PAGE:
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Monday, December 11, 2006

Few Types of Hernia

abdominal hernia, herniation of omentum, intestine, or some other internal body structure through the abdominal wall; called also ventral h. and laparocele.

acquired hernia, one brought on by lifting or by a strain or other injury.

abdominal hernia, herniation of omentum, intestine, or some other internal body structure through the abdominal wall; called also ventral h. and laparocele.

acquired hernia, one brought on by lifting or by a strain or other injury.

hernia adipo¢sa, fat h.

axial hiatal hernia, sliding hiatal h.

Barth's hernia, hernia of loops of intestine between the serosa of the abdominal wall and that of a persistent vitelline duct.

Béclard's hernia, femoral hernia through the saphenous opening.

Birkett's hernia, synovial h.

Bochdalek's hernia, congenital diaphragmatic hernia due to failure of closure of the pleuroperitoneal hiatus (foramen of Bochdalek).

cecal hernia, an intestinal hernia containing all or part of the ce*****.

cerebral hernia, hernia ce¢rebri, protrusion of the brain substance through the skull, through either a cranium bifidum, the foramen magnum, or the tentorial notch. See encephalocele and see tonsillar herniation and transtentorial herniation, under herniation.

Cloquet's hernia, pectineal h.

complete hernia, one in which the sac and its contents have passed through the defect.

concealed hernia, hernia not perceptible on palpation.

congenital hernia, that which exists at birth, most commonly scrotal or umbilical.

Cooper's hernia, a femoral hernia with additional tracts into the scrotum, toward the labium majus, and toward the obturator foramen.

crural hernia, femoral h.

diaphragmatic hernia, herniation of the abdominal or retroperitoneal structures into the thorax.

diaphragmatic hernia, congenital, congenital protrusion of the abdominal viscera into the thorax through an opening resulting from defective development of the pleuroperitoneal membrane, most often incomplete closure of the pleuroperitoneal hiatus (foramen of Bochdalek); it often leads to fatal pulmonary hypoplasia.

direct hernia, direct inguinal hernia, see inguinal h.

diverticular hernia, Littre's h.

dry hernia, a hernia in which the sac and its contents have become intimately adherent to each other.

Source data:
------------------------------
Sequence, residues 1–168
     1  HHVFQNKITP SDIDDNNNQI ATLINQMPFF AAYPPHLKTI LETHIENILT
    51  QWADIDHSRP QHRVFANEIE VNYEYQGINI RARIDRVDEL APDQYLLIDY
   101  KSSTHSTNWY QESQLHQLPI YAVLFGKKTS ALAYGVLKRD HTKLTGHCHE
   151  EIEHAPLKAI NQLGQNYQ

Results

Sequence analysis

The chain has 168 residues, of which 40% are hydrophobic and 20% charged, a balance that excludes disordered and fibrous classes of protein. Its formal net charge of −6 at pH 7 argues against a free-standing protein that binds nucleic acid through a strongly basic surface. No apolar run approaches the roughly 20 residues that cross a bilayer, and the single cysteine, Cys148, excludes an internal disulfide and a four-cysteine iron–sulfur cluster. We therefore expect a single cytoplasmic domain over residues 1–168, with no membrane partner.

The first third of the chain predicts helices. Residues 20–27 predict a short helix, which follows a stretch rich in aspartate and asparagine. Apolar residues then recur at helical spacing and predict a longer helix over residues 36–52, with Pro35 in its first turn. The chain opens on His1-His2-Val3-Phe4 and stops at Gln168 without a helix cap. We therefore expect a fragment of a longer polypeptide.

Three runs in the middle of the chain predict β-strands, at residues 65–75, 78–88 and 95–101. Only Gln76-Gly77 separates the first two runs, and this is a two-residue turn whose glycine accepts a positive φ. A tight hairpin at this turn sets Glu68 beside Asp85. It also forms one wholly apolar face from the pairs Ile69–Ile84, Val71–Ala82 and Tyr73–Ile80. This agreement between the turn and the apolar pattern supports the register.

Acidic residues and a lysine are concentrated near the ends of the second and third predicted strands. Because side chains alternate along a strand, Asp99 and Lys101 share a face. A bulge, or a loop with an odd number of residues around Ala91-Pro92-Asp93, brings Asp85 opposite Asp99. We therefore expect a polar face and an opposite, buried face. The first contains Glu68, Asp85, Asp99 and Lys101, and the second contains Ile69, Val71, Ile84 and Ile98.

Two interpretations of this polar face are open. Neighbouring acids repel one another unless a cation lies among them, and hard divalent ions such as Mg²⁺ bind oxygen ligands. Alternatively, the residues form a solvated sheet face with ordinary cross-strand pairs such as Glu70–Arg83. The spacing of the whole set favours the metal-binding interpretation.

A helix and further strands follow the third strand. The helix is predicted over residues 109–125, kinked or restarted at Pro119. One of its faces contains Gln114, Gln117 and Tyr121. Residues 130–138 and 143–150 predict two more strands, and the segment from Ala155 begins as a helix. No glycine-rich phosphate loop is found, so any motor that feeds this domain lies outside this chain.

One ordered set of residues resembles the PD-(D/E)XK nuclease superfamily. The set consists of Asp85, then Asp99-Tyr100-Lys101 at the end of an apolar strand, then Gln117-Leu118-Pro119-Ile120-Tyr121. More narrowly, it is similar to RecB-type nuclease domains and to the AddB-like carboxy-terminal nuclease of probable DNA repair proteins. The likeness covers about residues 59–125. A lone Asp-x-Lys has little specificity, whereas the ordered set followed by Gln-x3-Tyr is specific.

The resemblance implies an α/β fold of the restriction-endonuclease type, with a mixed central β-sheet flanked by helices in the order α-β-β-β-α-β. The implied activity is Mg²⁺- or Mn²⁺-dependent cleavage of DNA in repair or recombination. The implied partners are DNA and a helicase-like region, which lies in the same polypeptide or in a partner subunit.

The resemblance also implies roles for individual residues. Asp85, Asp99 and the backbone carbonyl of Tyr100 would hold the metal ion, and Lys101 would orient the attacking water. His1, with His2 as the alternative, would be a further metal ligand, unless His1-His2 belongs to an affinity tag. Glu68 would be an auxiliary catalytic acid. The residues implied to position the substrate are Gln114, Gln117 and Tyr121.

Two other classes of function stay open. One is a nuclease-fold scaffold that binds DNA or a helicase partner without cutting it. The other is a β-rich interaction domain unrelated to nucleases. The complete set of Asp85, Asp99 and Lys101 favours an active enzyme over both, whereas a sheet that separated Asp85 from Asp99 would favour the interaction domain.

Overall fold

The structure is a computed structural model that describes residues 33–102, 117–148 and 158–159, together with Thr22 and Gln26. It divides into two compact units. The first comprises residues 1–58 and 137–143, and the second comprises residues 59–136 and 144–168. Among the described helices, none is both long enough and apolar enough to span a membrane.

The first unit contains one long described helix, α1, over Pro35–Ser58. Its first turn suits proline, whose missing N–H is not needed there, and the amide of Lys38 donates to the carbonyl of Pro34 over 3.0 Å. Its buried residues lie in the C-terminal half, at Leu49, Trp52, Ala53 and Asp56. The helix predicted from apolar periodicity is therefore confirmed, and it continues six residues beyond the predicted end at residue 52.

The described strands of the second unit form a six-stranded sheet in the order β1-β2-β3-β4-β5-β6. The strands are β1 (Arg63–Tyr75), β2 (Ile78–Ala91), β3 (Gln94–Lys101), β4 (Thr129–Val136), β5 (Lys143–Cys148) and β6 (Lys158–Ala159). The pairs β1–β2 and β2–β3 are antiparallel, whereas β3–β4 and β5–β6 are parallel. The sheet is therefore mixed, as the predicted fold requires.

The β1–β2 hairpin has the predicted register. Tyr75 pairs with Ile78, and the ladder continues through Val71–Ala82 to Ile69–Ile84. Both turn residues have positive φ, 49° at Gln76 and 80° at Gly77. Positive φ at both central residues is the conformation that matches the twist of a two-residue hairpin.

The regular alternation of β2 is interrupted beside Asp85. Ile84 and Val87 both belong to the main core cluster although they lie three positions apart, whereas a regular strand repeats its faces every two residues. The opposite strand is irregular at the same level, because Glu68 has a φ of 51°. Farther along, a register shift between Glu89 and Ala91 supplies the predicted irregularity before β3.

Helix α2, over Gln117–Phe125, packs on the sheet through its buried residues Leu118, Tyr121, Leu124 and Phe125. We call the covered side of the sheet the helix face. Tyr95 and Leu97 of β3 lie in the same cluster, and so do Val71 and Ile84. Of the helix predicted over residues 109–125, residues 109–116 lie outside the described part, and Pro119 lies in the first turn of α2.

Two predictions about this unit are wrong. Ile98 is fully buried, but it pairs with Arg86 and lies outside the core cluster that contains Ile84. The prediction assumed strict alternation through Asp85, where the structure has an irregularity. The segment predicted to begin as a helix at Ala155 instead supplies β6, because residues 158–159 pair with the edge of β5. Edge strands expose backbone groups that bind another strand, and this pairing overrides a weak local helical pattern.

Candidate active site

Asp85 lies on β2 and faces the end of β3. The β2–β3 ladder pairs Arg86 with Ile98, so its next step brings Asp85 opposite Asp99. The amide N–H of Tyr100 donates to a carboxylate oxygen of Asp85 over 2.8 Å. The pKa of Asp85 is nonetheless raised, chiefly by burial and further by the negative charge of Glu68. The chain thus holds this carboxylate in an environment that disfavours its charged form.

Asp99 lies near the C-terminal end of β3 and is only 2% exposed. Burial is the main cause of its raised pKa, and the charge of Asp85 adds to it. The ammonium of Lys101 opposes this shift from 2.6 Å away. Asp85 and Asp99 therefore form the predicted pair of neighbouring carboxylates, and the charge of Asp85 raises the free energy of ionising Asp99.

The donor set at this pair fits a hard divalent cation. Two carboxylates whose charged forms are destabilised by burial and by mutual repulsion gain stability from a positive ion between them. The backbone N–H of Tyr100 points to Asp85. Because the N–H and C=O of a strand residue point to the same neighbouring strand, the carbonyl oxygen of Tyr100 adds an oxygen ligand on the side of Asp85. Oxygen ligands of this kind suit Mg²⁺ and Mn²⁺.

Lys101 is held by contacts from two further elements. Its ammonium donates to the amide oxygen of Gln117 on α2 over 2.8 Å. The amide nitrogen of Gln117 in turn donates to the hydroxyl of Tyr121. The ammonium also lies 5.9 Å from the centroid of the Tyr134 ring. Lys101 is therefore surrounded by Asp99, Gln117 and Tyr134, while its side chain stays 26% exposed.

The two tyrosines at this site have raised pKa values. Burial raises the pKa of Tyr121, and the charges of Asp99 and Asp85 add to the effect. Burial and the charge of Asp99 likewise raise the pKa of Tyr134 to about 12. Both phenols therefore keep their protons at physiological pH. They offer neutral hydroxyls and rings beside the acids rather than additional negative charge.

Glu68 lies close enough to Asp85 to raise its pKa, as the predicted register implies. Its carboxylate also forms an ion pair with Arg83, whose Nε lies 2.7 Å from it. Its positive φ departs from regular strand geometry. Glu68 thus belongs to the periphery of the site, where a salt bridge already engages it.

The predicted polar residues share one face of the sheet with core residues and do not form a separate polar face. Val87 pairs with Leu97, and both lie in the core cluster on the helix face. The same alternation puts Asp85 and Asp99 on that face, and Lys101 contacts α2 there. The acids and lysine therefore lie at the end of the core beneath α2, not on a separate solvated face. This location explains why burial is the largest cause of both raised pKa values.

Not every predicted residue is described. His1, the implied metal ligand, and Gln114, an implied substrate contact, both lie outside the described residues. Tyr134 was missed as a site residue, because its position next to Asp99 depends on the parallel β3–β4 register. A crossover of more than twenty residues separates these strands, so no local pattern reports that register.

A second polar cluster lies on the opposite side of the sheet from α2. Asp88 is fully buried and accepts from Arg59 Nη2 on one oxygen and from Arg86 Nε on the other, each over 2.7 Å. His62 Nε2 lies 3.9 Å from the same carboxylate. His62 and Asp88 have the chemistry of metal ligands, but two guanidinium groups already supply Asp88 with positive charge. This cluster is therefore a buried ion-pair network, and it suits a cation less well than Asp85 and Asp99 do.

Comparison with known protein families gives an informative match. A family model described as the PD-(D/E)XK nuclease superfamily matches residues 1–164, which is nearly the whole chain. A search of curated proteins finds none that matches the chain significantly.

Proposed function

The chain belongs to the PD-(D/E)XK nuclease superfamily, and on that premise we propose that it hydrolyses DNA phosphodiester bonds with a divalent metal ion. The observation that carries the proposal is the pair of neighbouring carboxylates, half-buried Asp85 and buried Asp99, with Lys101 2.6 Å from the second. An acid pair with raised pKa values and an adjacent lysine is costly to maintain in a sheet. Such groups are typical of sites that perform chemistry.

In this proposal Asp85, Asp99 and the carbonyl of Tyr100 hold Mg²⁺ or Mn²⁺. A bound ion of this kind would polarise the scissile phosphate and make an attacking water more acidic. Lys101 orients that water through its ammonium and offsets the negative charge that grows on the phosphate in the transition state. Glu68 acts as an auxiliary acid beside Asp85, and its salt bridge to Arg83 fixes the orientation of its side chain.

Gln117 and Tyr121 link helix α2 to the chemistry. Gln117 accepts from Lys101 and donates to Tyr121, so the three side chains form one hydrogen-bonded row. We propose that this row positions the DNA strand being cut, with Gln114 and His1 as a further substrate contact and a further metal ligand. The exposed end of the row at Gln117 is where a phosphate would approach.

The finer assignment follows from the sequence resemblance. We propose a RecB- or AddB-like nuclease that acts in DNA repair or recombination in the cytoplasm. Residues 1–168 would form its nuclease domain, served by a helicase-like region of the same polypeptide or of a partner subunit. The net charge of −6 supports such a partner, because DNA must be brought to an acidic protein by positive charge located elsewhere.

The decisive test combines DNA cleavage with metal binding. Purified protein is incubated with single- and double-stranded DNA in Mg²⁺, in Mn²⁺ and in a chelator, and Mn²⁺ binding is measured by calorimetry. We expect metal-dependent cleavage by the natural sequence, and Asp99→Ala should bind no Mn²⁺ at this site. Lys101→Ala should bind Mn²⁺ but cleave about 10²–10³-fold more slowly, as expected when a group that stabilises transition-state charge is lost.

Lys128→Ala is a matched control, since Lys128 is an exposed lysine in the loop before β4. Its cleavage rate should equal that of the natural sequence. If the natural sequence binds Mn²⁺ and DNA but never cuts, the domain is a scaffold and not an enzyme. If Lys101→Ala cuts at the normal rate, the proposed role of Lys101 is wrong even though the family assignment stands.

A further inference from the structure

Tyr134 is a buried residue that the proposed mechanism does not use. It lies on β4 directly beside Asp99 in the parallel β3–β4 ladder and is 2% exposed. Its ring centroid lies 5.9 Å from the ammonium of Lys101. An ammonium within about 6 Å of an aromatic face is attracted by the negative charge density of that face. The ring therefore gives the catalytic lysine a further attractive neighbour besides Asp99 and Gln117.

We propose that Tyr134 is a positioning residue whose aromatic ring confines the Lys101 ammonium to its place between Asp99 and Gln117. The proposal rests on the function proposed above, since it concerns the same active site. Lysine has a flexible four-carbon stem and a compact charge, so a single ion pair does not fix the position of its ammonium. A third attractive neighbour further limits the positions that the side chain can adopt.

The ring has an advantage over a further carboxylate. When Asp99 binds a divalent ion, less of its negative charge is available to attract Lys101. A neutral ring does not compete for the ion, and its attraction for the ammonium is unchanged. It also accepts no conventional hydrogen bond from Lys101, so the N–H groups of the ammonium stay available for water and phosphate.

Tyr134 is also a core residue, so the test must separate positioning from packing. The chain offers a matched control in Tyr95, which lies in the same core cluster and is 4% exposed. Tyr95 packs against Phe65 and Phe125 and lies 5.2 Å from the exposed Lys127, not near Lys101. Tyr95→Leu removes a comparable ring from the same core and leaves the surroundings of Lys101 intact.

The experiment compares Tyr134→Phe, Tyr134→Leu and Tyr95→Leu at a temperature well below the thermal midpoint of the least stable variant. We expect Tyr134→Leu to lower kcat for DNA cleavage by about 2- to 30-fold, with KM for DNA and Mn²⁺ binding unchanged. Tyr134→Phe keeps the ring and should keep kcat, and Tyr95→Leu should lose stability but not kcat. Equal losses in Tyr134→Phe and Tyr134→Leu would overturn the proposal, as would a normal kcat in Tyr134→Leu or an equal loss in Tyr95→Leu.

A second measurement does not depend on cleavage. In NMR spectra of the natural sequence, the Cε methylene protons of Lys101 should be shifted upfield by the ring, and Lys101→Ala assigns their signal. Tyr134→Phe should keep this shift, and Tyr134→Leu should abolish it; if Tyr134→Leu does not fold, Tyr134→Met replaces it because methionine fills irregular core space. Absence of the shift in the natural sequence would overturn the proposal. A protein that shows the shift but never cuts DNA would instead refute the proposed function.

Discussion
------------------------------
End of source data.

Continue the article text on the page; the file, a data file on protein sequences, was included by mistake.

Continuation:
duodenojejunal hernia, Treitz's h.

encysted hernia, scrotal or oblique inguinal hernia in which the bowel, enveloped in its own proper sac, passes into the tunica vaginalis in such a way that the bowel has three coverings of peritoneum; called also Hey's h.

epigastric hernia, an abdominal hernia through the linea alba above the navel.

external hernia, indirect inguinal hernia; see inguinal h.

extrasaccular hernia, sliding h.

fat hernia, hernial protrusion of properitoneal fat through the abdominal wall; called also h. adiposa.

femoral hernia, hernia of a loop of intestine into the femoral canal. Called also crural h. and femorocele.

foraminal hernia, hernia through the epiploic foramen.

gastroesophageal hernia, paraesophageal h.

Grynfeltt hernia, lumbar hernia through Lesshaft's space (Grynfeltt's triangle).

Hesselbach's hernia, hernia of a loop of intestine through the cribriform fascia.

Hey's hernia, encysted h.

hiatal hernia, hiatus hernia, herniation of an abdominal organ, usually the stomach, through the esophageal hiatus of the diaphragm. It occurs in two major anatomic patterns: the sliding hiatal h. (type I), which is the more common type, and the paraesophageal h. (type II).

Holthouse's hernia, an inguinal hernia which has turned outward into the groin.

incarcerated hernia, hernia of intestine that cannot be returned or reduced by manipulation; it may or may not become strangulated. Called also irreducible h.

incisional hernia, an abdominal hernia at the site of a previously made incision.